Putting on the Armor of God

This blog post is adapted from Equipped: The Armor of God for Everyday Struggles by Rev. Christopher Kennedy.

Ever pounded on yourself? I hope not physically. But I suspect we all have been hard on ourselves. Luther felt like he could never do enough. He couldn’t do enough good things. He couldn’t express enough remorse for his sinfulness. Perhaps you can relate to feeling guilty over not doing enough. If you have a parent in a nursing home, you might feel guilty that you don’t visit or call enough. If you’re a parent with children at home, you might feel guilty that you missed an event, that you don’t have your child in enough activities, or that you haven’t done enough to help your child get ahead in school. If a project doesn’t turn out well at work, you might blame yourself, saying, “I should have put in more hours,” or, “I should have supervised more closely.” Any of us can be burdened by our conscience, feeling we haven’t done enough.

Similarly, many people feel inadequate in their relationship with God. When tragedy strikes, you may wonder if you suffered because you weren’t devoted enough or sincere enough in your faith. When a loved one falls ill or dies, you may wonder if you could have changed things by praying more. We can worry that personal hardship is a manifestation of God’s displeasure. The bottom-line feeling is “I haven’t done enough.” When feelings of guilt weigh down our hearts—bang bang bang—it’s like we’re pounding on ourselves.

From Guilt to Grace

For Luther, the turning point from guilt to grace came by reading, understanding, and believing God’s Word. The key passage was Romans 1:17: “The righteous shall live by faith.” Through Scripture, Luther discovered that a good relationship with God was a gift received by faith, not by being hard on himself. As Luther read deeper into Romans, he encountered passages like this one: “The righteousness of God has been manifested . . . through faith in Jesus Christ for all who believe. For there is no distinction: for all have sinned and fall short of the glory of God, and are justified by His grace as a gift, through the redemption that is in Christ Jesus” (Romans 3:21–24).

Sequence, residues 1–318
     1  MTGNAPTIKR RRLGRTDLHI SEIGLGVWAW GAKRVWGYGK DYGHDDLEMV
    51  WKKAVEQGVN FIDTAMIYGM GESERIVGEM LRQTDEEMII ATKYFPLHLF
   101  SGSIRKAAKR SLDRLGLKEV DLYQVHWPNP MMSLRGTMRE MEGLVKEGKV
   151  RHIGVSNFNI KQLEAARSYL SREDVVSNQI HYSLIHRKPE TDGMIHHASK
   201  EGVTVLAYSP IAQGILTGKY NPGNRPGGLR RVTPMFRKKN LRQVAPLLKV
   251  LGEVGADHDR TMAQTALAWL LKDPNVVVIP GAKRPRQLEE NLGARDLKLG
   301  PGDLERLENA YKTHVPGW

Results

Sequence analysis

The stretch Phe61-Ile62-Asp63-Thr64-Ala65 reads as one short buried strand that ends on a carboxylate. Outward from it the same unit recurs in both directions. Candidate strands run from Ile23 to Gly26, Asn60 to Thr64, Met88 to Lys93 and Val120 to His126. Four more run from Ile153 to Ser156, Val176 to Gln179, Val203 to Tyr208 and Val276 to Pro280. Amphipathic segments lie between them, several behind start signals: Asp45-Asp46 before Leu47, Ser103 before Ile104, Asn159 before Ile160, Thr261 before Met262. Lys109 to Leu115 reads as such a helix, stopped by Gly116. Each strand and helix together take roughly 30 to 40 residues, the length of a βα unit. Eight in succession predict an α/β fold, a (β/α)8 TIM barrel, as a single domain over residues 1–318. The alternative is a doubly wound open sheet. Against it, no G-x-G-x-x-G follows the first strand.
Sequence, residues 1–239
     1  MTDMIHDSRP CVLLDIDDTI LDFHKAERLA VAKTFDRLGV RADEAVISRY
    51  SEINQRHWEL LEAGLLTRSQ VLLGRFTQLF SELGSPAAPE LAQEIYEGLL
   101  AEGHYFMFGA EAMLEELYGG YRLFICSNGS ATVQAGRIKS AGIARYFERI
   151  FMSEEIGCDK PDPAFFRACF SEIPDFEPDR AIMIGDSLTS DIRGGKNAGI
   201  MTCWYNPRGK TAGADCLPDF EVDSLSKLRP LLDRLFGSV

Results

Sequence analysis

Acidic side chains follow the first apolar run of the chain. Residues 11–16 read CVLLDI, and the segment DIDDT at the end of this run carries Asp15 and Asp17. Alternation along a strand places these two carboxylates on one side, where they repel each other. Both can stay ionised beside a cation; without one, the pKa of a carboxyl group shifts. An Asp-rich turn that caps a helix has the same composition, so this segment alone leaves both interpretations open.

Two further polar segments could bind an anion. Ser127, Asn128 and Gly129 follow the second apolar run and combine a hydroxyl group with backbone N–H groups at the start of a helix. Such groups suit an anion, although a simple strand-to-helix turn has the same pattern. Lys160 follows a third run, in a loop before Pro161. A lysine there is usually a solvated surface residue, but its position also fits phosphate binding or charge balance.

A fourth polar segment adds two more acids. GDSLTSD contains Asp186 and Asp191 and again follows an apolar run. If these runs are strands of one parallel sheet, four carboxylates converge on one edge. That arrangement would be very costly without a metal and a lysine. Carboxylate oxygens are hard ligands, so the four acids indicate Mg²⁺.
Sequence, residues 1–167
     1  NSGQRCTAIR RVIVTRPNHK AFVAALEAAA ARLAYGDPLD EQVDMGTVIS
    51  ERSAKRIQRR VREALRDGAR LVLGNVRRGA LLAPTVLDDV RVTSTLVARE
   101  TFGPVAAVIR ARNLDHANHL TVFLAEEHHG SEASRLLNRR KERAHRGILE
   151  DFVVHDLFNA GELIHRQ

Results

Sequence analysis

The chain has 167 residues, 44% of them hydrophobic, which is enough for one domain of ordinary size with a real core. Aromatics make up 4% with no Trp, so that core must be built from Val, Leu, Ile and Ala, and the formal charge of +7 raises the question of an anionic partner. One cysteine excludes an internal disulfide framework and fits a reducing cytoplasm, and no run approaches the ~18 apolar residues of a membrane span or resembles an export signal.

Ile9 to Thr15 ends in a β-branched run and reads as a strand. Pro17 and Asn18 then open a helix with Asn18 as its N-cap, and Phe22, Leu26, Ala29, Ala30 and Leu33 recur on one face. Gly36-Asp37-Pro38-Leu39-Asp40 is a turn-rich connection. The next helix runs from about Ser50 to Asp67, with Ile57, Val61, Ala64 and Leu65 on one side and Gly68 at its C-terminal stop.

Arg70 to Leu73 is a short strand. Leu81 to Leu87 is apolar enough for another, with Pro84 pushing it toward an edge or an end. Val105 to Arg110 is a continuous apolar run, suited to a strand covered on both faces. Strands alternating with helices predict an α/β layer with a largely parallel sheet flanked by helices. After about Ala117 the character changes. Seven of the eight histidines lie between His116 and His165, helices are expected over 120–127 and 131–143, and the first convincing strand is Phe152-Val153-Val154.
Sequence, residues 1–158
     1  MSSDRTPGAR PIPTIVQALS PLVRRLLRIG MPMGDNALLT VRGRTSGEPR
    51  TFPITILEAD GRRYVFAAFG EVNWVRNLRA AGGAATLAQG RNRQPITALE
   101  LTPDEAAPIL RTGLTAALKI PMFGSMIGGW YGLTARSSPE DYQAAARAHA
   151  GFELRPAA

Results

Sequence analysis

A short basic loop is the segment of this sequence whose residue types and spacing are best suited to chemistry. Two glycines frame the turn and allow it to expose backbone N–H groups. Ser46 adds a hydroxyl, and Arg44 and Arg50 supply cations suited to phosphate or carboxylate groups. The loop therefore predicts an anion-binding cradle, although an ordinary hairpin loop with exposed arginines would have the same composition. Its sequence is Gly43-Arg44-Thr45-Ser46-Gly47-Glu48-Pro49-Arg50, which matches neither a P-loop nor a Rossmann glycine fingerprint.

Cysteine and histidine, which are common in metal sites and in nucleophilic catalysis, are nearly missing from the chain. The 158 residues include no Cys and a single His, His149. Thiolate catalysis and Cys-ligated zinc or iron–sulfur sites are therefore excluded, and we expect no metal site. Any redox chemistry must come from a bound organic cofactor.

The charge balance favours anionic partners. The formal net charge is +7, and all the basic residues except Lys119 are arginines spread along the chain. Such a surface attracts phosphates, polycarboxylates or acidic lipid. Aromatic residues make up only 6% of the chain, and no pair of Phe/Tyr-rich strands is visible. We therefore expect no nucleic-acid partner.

Luther described this righteousness as an alien righteousness, something totally outside of him. Once the Gospel message clicked in his mind and heart, Luther declared, “I felt that I was altogether born again and had entered paradise itself through open gates.” With his mind fixed on Jesus, Luther’s heart was set free from the overwhelming guilt that had oppressed him.

Christ Gives Relief

It is the truth above all truths: salvation is all about Jesus. Our relief from guilt comes from a Savior who suffered in our place, a Savior who felt the pounding of a hammer driving nails through His hands into a wooden cross.

On the cross, He took the punishment we deserved. Bang bang bang.

Our guilt. Bang bang bang.

Our shame. Bang bang bang.

All of it was laid on Jesus: “He is the propitiation [atoning sacrifice] for our sins, and not for ours only but also for the sins of the whole world” (1 John 2:2). Our righteousness is found in Christ alone.

Protecting What is Vital

God invites us to put on the breastplate of righteousness so that we can find comfort in Jesus. In the preceding chapter, we talked about how the belt of truth affects our eternity and our everyday lives. By the truth of the Gospel, we’re saved for eternity, and by God’s truth, we’re also rescued from the daily lies and temptations the devil throws at us. Similarly, God’s gift of righteousness changes our eternity and also affects our everyday experience.